Then Neil Armstrong went took his turn, and though the two had not coordinated their messages, they had taken away similar ideas from their experience:
… In the next 20 centuries, the age of Aquarius of the great year, the age for which our young people have such high hopes, humanity may begin to understand its most baffling mystery—where are we going?
The earth is, in fact, traveling many thousands of miles per hour in the direction of the constellation Hercules—to some unknown destination in the cosmos. Man must understand his universe in order to understand his destiny.
Mystery however is a very necessary ingredient in our lives. Mystery creates wonder and wonder is the basis for man’s desire to understand. Who knows what mysteries will be solved in our lifetime, and what new riddles will become the challenge of the new generations?
Science has not mastered prophesy. We predict too much for next year yet far too little for the next ten. Responding to challenge is one of democracy’s great strengths. Our successes in space lead us to hope that this strength can be used in the next decade in the solution of many of our planets problems.
Several weeks ago I enjoyed the warmth of reflection on the true meanings of the spirit of Apollo. I stood in the highlands of this Nation, near the Continental Divide, introducing to my sons the wonders of nature, and pleasures of looking for deer and for elk.
In their enthusiasm for the view they frequently stumbled on the rocky trails, but when they looked only to their footing, they did not see the elk. To those of you who have advocated looking high we owe our sincere gratitude, for you have granted us the opportunity to see some of the grandest views of the Creator.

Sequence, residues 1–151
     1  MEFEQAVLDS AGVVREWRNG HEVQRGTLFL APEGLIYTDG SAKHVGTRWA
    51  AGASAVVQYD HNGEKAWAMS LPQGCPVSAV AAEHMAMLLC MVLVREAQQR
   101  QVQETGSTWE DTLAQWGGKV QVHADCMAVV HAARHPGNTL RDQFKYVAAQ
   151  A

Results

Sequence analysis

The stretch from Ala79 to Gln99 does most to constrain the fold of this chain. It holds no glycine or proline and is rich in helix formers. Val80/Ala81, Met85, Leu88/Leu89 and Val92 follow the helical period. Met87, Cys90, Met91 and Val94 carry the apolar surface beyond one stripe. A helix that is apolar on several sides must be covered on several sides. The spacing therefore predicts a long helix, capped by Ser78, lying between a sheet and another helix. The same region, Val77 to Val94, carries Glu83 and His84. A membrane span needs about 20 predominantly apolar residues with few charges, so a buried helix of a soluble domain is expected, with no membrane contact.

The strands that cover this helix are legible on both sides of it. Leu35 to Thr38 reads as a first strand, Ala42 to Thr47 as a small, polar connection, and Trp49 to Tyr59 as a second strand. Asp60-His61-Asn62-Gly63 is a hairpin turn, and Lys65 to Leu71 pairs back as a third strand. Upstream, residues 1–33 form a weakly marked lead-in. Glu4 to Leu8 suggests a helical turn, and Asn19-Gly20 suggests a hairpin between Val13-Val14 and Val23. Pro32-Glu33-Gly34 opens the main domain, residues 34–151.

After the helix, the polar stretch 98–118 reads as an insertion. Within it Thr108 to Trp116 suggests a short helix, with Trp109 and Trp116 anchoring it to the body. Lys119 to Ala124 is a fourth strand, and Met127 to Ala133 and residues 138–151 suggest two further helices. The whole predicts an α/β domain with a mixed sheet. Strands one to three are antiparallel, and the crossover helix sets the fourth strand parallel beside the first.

To those of you who have been our honest critics, we also thank, for you have reminded us that we dare not forget to watch the trail…
Buzz Aldrin’s address was more along the lines of what you would expect from a engineer/test pilot (you can read the complete transcript of the event here), but the emotion and joy is palpable in his speech too.
Apparently some of that joy and most of the gravitas of the event was leeched out—at least for the astronauts—when they were ambushed in the restroom by Senators who wanted their autographs, but the eloquence, especially of Collins and Armstrong is still remarkable. That’s great writing… doubly so given that they were not, you know, writers.
Jim Ottaviani is the author of eight graphic novels about scientists (so far), on topics ranging from physicists to paleontologists to behaviorists. He’s probably the only comics writer whose books have received acclaim from Physics World, the New York Review of Books, and Vampirella Magazine. His biography of Richard Feynman was just released in August, 2011 from First Second (check out excerpts here) and upcoming works include The Imitation Game, about Alan Turing… keep your eyes on Tor.com in 2012 for that!